New Canaan Now & Then: Broad Brook Farm


82 Ponus Ridge

“New Canaan Now & Then” is presented in partnership with the New Canaan Museum & Historical Society.

Broad Brook Farm, or 82 Ponus Ridge, as it was named by Edward Plaut in the 1930s, is now a group of houses that make up Broad Brook Drive (which runs directly through the former estate) and surrounding streets. 

Plaut, the Vice President of Lehn & Fink Drug Company in Bloomfield, New Jersey, purchased the property from Gayer Dominick. Mr. Dominick relocated to Silvermine. Broad Brook Farm was immediately a sensation in town, boasting “the largest landscape gardening job in Connecticut” according to the August 17, 1944 article in the Advertiser. Mr. Plaut, who married in 1933, had a very public divorce where his first wife sued him for $350,000 citing  “intolerable cruelty since January 1, 1935.” (April 29, 1937 Advertiser article). Mr. Plaut went on to remarry and was active in local politics for many years. He sold the home to Thomas J. Watson in 1942. 

Thomas J. Watson, Jeannette Kittridge Watson, and their four children initially used the home as a summer residence, having frequented New Canaan during the warmer months since 1938. Watson was the chairman and CEO of IBM and is credited with growing the company into an international force. The Watsons sold this home in 1948 and moved to 36 acres at 848 Weed Street (what is now Irwin Park.)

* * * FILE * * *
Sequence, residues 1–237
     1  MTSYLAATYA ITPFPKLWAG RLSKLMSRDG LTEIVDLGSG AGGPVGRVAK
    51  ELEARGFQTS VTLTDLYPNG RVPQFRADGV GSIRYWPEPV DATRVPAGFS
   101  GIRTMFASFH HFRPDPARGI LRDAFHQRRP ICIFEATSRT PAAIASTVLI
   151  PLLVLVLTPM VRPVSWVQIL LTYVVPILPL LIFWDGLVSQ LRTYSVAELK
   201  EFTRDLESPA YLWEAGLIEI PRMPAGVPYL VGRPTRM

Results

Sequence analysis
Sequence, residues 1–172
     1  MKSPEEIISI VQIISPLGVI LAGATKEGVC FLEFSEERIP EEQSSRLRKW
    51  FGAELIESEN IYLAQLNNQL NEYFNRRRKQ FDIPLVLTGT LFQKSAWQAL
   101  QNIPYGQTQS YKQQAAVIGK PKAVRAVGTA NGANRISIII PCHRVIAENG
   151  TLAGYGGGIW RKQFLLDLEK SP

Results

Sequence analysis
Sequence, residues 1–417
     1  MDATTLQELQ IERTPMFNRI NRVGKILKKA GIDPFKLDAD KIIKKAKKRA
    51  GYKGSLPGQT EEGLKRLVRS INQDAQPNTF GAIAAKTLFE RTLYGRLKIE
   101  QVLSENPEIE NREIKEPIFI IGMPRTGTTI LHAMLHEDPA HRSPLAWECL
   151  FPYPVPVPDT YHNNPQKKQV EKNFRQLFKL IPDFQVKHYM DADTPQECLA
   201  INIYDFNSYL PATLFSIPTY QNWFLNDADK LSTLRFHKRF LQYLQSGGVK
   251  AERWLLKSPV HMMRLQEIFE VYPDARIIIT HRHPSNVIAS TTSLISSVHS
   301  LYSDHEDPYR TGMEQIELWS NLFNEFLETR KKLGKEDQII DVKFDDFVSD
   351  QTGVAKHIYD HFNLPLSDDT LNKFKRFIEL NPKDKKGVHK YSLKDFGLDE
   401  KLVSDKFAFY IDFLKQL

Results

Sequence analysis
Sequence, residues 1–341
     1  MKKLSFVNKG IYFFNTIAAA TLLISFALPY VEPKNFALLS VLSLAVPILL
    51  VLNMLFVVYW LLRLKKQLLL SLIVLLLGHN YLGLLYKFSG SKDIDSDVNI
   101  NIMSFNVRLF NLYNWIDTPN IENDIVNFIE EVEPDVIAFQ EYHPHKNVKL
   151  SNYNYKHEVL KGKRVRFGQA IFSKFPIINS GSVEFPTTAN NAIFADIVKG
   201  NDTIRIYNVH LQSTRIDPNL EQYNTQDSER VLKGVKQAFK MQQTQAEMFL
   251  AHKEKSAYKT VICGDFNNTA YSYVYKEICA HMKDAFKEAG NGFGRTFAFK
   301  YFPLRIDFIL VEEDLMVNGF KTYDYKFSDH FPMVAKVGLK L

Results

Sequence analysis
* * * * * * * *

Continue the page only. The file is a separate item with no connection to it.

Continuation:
The new owners of 82 Ponus Ridge Road were the Friar’s Minor of the Byzantine Slavonia of North America (a division of the Franciscan Order in the Roman Catholic Church) who purchased the property for $105,000. The property became the Holy Protection Monastery of New Canaan according to a Fair Press article dated January 1, 1978 and included 60 acres, a swimming pool, tennis courts and the large brick mansion that was the former home of the Watsons. Initially, 20 friars moved in, but their numbers dwindled to four and the space became too expensive to maintain. According to a Stamford Advocate article dated March 12, 1989 the Holy Protection Order of Franciscan Friars sold the monastery to developers, One thousand Four Associates. 

The developers vowed to keep the four story Tudor style mansion and divided the property into 14 one acre lots on the nearly 15 acres of the Stamford section of the property. Unfortunately, the Advocate reported that a “big rubbish fire” on September 23, 1989 destroyed the building. The article reports that it took 45 minutes to snake 4500 feet of hose from a fire hydrant in springdale up to Ponus Ridge and the building was lost. The same article reports that 29 four bedroom homes were being built on the property in its entirety. The Broad Brook Farm Development was advertised as the newest development in New Canaan in the New Canaan Advertiser dated October 31, 1991. Sixteen homes were built, all designed by architect Boris Pogacnik according to a November 18 article and some offered distant views of Long Island Sound.

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